The Layover

Flynn, Amos, and Poppy represent the spectrum of adolescence as well as a dysfunctional, nontraditional, and white family. Their parents have been through multiple marriages with added instabilities of affairs, aloof-ism, and alcoholism. The by-products of different marriage combinations, the siblings find themselves once again caught in the selfish throes of their parents’ latest whims. In an effort to buy off the family’s understanding, the parents—who are already in Bora Bora—decide to fly Amos, Flynn, and Poppy out for an extravagant boat ride to break the news of their upcoming separation. When ten-year-old Poppy relays her suspicions to Amos and Flynn, they decide to runaway during their layover at LAX. The Hangover-style, the youth meet up with Flynn’s latest crush and find themselves touring LA, attending parties, and going to Disneyland, mostly all with the wrong crowd. During this newly found freedom, Amos and Flynn must reconcile their romantic feelings toward each other as stepsiblings while nurturing Poppy, who suffers from severe anxiety and what can only be assumed as parental neglect.

A young adult but borderline middle grade read, The Layover skims over themes of family, love, mental health, and growing up. Andelson and Meyer fail in regards to depth, instead selling out for fluff: loss of virginity, partying, money, and alcohol use. The writing is simple, and the varying perspective chapters appear contrived with the occasional confusion and inconsistency of voice amongst the characters. The one-dimensional, stereotypical protagonists and predictable plot make this title a barely tolerable read. I feel like I just watched a cheesy yet dying tween sitcom. I could not in good faith recommend The Layover to any reader.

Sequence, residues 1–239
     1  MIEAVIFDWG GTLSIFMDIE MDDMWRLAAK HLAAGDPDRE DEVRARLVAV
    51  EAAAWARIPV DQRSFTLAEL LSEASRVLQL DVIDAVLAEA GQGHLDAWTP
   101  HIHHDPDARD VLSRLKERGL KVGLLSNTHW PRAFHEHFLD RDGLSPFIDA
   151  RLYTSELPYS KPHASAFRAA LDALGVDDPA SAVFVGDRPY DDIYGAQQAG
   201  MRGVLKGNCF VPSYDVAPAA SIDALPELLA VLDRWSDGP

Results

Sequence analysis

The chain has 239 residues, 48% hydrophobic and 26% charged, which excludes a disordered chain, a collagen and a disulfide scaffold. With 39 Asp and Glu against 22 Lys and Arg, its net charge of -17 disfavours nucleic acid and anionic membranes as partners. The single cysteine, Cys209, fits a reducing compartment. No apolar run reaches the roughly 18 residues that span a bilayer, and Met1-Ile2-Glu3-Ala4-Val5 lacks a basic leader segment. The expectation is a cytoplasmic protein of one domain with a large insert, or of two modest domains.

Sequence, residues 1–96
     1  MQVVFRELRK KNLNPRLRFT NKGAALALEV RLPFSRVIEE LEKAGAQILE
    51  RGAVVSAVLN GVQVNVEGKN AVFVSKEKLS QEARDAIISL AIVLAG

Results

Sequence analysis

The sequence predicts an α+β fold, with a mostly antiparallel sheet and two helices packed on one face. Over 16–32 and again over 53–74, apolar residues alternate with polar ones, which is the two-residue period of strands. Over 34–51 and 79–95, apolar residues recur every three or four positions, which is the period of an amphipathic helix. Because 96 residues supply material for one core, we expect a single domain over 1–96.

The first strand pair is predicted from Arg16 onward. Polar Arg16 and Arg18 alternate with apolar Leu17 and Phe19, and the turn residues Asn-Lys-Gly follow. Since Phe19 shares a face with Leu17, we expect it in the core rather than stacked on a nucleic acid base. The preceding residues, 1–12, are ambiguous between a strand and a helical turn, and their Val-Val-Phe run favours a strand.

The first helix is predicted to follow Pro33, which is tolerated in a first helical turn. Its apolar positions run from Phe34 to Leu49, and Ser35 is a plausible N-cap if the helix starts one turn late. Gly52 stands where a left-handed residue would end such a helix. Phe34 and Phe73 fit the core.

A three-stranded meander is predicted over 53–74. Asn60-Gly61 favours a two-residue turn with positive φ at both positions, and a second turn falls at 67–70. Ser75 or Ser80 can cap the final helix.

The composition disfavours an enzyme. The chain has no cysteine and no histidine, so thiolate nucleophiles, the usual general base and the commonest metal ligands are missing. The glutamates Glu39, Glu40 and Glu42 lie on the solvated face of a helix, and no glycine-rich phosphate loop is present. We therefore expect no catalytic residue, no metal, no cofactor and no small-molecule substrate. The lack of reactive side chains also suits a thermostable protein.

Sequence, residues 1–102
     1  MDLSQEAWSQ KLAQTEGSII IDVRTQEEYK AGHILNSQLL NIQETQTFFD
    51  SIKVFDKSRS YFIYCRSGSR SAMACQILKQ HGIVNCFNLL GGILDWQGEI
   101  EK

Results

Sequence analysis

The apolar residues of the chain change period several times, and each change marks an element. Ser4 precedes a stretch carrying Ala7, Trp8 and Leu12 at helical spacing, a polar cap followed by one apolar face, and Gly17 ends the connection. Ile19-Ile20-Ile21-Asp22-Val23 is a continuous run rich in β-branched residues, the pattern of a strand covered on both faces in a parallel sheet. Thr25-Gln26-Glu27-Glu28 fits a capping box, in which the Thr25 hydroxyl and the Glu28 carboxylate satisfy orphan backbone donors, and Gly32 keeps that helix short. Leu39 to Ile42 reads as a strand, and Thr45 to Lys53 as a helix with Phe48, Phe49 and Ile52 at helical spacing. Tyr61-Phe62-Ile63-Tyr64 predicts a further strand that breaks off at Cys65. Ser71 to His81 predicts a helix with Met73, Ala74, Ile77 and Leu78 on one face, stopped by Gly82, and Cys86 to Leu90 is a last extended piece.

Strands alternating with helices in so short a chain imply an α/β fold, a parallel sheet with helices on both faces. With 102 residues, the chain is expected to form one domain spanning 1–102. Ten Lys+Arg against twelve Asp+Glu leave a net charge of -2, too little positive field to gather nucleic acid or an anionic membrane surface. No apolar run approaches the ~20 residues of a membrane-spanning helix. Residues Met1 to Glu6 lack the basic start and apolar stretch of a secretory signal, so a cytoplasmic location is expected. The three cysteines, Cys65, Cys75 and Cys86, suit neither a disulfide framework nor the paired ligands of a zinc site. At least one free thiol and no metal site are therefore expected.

I would like to thank NetGalley and Crown Books for Young Readers for providing me with a free ARC in exchange for a fair and honest review.

The Layover by Amy Andelson and Emily Meyer (Crown Books for Young Readers, 2018)

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